Hello and welcome to episode 181 of the modern manager. I'm your host Mamie canfor. Stewart. A warm welcome to Jamie s current and K, Glenn L and James T to the modern manager community, and a warm welcome to all the new listeners and longtime listeners of this show. I hope you will consider how becoming a member can help you further develop your management skills. Memberships start at $5 per month. And if you're really up for some support, join us at the level that includes our twice per month group coaching and q&a calls. This is where we hop on a zoom together and we tackle the questions and challenges that you're facing. You get to hear from me, but also from other community members. So everyone gets to share their advice and we all get to learn together, learn more and join at the modern manager.com/join. Now today's guest is Dr. Tom Tonkin. Tom is an award winning researcher, author and CEO and founder of the conservatory group with 25 years of experience in corporate America under his belt. Tom's organization provides high touch services to business executives that want to improve themselves, their teams and their environment. Tom is also involved at an executive level and two organizations with DNI at the forefront Sammy and Diversity Equity inclusion, Tom and I talk about variations and how our brains work and the different styles, and how that impacts how we collaborate with our team members how our brains like to learn and a whole lot more. Now, here's the conversation.
You're listening to the modern manager, a podcast dedicated to helping you be a rockstar boss with a thriving team. Whether you're looking to upgrade your meetings, cultivate your team or grow as a leader. This podcast is for you. Now, here's your host, Mamie canfor. Stewart.
It is a pleasure to have you today. Tom, I'm looking forward to our conversation, because we're going to get into some really exciting stuff around brains and how how we work and how we are wired differently. So I'm just excited to talk with
you. Maybe it's a pleasure. It's been it's we rescheduled this a few times. So I was looking forward to this call for quite some time.
All right, well, let's just jump right in here and talk about ways where the way that we're wired or kind of our natural tendency is don't always align so well. And just how different styles or a seemingly different styles can cause challenges for us. Yeah,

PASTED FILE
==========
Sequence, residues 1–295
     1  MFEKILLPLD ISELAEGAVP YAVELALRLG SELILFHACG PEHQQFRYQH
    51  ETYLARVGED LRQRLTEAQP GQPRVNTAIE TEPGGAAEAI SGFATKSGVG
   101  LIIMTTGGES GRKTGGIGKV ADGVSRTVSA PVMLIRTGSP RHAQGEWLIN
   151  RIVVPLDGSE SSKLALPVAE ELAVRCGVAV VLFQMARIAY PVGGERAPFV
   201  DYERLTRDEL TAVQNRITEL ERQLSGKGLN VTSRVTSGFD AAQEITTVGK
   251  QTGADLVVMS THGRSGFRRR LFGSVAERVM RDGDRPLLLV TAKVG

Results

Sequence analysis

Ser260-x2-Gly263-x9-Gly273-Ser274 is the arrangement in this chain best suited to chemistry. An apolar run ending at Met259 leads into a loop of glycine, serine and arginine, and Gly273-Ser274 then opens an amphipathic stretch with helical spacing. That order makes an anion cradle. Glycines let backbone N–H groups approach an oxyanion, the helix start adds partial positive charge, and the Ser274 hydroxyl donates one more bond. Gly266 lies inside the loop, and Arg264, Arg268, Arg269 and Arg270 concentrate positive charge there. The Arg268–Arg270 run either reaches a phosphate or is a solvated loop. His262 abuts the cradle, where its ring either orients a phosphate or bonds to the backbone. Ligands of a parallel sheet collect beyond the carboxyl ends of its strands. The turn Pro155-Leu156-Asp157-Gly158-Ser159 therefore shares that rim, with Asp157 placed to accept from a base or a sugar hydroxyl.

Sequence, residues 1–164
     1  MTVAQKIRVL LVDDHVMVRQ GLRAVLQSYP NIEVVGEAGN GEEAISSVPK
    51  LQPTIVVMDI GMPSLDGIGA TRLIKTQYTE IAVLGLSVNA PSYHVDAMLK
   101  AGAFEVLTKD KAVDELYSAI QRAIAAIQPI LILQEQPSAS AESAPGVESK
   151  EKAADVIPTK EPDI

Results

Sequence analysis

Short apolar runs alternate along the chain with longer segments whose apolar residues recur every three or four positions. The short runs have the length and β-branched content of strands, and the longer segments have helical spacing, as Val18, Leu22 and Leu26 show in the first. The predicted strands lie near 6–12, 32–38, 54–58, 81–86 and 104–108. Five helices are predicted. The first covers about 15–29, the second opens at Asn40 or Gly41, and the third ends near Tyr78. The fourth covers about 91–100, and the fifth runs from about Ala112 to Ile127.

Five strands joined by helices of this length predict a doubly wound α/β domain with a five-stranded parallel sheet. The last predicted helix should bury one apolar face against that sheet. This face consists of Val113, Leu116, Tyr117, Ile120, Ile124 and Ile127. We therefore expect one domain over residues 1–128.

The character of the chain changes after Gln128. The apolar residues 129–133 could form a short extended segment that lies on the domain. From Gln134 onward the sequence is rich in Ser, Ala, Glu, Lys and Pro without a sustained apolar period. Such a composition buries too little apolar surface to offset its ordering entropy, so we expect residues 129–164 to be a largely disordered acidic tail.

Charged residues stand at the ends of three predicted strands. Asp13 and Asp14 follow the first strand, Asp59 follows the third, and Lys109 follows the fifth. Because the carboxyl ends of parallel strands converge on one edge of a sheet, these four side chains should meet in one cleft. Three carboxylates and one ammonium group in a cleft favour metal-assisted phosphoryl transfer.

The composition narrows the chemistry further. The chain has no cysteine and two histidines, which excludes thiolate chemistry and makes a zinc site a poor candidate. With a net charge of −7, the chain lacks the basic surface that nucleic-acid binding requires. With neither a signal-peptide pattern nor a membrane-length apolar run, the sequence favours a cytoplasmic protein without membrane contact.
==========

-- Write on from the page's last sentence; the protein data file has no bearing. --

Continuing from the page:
so the part of my work, I work with salespeople I work with executives, and they're always trying to achieve something that's the word it's like, how do I, you know, what, what process are we going to do? And what model are we going to do it just think of your day on a daily basis, the stuff that's coming through email, and a lot of people get caught up on the what the model, the thing I'm going to go do. And what I do is I spend a lot of time on the self directed aspects of people's day. And let me be very clear from a neuroscience perspective. So we all know that we have two parts of the brain. Again, this is the the meta parts, right? The the cognitive, where all the knowledge goes into, and the affective, where all the emotional stuff goes to. And they get said constantly all the time, there's a third part that's of lesser known part. And this might be a good time for people to jot down things and get ready to Google something. But there's a part of the brain called the cognitive brain. And what to count it to brain does in layman's term, it is the accelerator of knowing what to do and then doing it. And there are four different characteristics of their brain. There's a desire, there's an initiative of persistence, and a resourcefulness that all live in the Conant brain. And the idea for you to be able to execute, what you know, is by increasing each of those behaviors, the desire, the resourcefulness, the initiative and the persistence. I'm a behaviorist by trade. And the good news is all four of those things can get improved through training or through a self awareness is a really important part. My advice has always been to do assessments in these areas, because assessments are objective, they don't care about your feelings. And it gives you an insight to your brain that potentially you may not have to actually be able to execute, you know, being an individual contributor being a manager. So what I'm
hearing is sounds similar, I think, to executive functioning skills, or is that the cognitive brain or is that something different? That's,